47. 47. Transparency... ▣ ...may become the new workforce expectation ▣ ...is built on intimacy and creates trust ▣ ...enables feedback loops ▣ ...includes individuals, teams, and organizations ▣ ...cannot be dictated from the top ▣ ...means writing it all down so it can be changed ▣ ...may be good organizational strategy
  48. 48. Transparency... ▣ ...may become the new workforce expectation ▣ ...is built on intimacy and creates trust ▣ ...enables feedback loops ▣ ...includes individuals, teams, and organizations ▣ ...cannot be dictated from the top ▣ ...means writing it all down so it can be changed ▣ ...may be good organizational strategy
  49. 49. Thanks! Any questions? You can find me at @jrhusney jordan@parabol.co © 2016 Parabol, Inc
  50. 50. Photo Acknowledgements ▣ “Coffee in the morning” by Chichacha: https://www.flickr.com/photos/chichacha/2471138966/ ▣ “Colocation” by Atomic Taco: https://www.flickr.com/photos/atomictaco/7960716222
  51. 51. Iconography ▣ Arrange by by Gregor Črešnar ▣ Broadcast by Amy Chiang ▣ Document by Brian Gonzalez ▣ Graph by Icon Mafia ▣ Group by Angie Reyes ▣ Reading by Creative Stall ▣ Sliders by Arthur Shlain ▣ Work by Jared Fanning

Hinweis der Redaktion

  • At Parabol, we creating software to make work smarter and more meaningful. I’m here to talk to you about transparency.
  • Last year, I was privileged to work with a new leadership team of a Fortune 500 here in NYC. My colleagues & I were hired primarily to affect attrition in a department which had crested 30%. Departing staff felt the department wasn’t ‘transparent’ enough. They lacked autonomy. A funny thing would happen after meeting with our executives: they’d later pull one of us into an office and give us the “real story.” It was clear they didn’t trust each other very much. We invited them to a leadership offsite with the implicit goal of building intimacy. My colleague, Athena Diaconis, designed paper fortune tellers which included the 36 Questions That Lead to Love which were featured in the NY Times.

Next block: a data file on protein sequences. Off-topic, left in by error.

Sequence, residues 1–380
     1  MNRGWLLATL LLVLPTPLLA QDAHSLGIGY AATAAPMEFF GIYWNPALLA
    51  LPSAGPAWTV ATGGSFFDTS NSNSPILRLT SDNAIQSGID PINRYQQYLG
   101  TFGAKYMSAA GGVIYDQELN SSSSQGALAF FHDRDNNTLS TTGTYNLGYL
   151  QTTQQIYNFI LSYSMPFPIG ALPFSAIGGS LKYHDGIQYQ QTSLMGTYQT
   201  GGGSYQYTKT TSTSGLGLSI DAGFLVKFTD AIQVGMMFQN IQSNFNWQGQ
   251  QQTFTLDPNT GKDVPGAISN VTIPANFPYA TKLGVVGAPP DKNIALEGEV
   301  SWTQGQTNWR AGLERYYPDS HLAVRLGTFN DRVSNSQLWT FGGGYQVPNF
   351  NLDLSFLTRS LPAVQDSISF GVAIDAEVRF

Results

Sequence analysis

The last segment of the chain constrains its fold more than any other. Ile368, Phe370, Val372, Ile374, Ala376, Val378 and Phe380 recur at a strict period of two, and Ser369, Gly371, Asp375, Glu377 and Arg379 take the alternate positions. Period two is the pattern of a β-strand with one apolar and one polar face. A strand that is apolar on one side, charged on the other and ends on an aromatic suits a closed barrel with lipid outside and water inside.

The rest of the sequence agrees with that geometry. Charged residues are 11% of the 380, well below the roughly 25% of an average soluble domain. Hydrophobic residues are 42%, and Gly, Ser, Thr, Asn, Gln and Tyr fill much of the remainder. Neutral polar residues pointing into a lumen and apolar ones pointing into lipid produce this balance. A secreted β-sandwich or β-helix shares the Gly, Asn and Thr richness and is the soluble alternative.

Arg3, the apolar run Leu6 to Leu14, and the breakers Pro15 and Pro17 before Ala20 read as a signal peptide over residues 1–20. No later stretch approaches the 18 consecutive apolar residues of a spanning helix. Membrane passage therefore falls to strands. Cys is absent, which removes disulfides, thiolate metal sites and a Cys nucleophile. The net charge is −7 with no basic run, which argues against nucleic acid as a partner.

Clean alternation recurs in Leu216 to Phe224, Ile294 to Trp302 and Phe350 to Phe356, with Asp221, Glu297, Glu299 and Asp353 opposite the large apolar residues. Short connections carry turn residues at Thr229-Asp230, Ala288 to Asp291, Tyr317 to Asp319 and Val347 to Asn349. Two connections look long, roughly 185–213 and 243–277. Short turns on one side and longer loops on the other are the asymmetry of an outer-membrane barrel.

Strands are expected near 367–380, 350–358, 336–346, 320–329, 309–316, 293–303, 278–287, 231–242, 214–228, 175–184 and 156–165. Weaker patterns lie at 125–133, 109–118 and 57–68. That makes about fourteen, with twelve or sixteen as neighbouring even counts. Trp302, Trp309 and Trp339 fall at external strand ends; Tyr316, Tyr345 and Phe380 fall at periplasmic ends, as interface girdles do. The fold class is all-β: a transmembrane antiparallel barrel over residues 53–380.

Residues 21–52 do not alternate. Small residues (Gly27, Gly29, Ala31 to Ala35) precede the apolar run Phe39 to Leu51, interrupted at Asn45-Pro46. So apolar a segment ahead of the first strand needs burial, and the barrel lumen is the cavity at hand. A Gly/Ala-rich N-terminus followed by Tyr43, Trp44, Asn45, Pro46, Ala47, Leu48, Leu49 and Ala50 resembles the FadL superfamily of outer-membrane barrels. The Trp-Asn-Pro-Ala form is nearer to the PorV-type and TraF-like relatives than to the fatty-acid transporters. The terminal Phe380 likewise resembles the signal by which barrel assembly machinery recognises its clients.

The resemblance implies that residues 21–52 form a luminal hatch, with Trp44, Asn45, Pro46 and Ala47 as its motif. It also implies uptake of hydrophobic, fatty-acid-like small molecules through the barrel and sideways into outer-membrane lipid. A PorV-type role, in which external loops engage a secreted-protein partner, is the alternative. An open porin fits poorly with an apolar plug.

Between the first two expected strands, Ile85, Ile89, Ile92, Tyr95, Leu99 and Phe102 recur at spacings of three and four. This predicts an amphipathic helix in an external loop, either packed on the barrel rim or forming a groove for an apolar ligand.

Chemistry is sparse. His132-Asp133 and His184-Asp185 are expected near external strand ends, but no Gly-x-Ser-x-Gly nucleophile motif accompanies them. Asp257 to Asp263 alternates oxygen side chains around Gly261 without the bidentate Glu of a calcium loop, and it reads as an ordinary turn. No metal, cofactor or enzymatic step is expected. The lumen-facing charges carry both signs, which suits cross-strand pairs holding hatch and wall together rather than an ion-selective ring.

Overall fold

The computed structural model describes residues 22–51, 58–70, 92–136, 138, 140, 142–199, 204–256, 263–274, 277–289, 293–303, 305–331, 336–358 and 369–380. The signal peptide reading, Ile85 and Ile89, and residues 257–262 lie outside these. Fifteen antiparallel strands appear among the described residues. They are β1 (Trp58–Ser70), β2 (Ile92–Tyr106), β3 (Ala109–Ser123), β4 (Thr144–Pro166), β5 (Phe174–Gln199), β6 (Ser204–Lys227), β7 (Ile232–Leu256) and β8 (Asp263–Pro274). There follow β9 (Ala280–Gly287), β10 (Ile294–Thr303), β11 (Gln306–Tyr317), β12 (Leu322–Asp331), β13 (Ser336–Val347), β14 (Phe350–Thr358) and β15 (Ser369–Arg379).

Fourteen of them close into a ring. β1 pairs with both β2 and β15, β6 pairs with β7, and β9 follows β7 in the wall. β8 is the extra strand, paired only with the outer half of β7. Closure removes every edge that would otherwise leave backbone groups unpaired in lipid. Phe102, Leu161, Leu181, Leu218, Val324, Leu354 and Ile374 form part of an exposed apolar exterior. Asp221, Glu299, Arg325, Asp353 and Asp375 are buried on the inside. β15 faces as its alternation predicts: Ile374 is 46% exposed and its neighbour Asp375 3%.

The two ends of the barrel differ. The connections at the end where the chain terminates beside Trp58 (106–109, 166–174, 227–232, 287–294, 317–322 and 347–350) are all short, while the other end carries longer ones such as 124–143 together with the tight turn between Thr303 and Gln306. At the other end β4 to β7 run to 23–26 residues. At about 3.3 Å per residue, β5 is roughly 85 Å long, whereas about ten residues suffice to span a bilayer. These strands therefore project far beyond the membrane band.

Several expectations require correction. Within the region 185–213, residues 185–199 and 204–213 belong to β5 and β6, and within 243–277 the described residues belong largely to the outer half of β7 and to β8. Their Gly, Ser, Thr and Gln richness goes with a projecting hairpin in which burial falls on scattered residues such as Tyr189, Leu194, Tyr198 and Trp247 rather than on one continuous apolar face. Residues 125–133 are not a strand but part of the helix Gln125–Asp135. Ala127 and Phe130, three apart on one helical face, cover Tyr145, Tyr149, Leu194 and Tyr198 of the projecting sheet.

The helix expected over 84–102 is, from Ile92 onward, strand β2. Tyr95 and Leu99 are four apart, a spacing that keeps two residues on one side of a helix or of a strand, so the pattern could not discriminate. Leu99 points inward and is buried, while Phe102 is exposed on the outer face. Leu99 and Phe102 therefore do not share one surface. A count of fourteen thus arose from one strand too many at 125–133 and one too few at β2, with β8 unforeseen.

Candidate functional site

• We were shocked at how effective this exercise was – the tears, laughter, and embraces seemed to create lasting change. They began to trust one another. They became more of a team.
  • Some information is kept private explicitly. For example, “the budget is only available to people who are vice president level or above.” Other times, information is simply inaccessible because it’s never been published in a place others have access to such as on a private storage device or as an attachment sent to only a few people.
  • Ambiguity can arise in at least two forms. One form is implicitness. It’s like when the boss says, “we need to get this report done by Friday,” and given the context it’s understood to mean, “you need to get this report done by Friday.”

    A second form of ambiguity is ephemerality: when information may be specific, but its record is fleeting and impermanent. It’s like when the boss says, “I expect you to prepare these reports from now on,” and that additional accountability cannot be weighed against others the employee may already have.
  • Within the span of a single generation, we’ve gained the ability for nearly everybody on earth to transmit large quantities of high-fidelity information to one another.
  • Presently, most IT professionals and politicians are kept up at night by what might be exposed to the public at the push of a button. These organizations and individuals can only be hurt by information leaks. Managers who grew up without a computer in every home and pocket have a very different relationship to information than younger generations. The first generation of children who fall asleep at night clutching their devices have a very different relationship to information than their parents.


  • Further, in an age where whistleblowers are venerated as heroes, defaulting to secrecy may become too great a liability. Greater transparency in the workplace may be an inevitability.
  • With all design choices there are trade-offs: the minimization of secrecy and ambiguity will come with other costs. So, if it’s not a panacea, why encourage transparency at all?
  • Let’s go deeper and explore how transparency interacts and can affect different levels of an organization.
  • The Individual: held as a value
    The Team: applied as a set of practices
    The Organization: activated as a strategy
  • At the level of an individual, transparency acts as a value.
  • This isn’t how transparency is brought into a culture.

    Activating transparency within a culture begins with each individual. Transparency is a value. People do it because they believe in it. There isn’t one correct way to be transparent. For some, it may mean feeling as though they are able to bring their whole emotional selves to the office. For others, it may mean sharing their successes and failures and making requests to get what they need.
  • In 2013, Shanock et. al published a study entitled Less acting, more doing: How surface acting relates to perceived meeting effectiveness and other employee outcomes. They demonstrated workers who believe their colleagues are acting authentically also perceive their meetings as being more effective.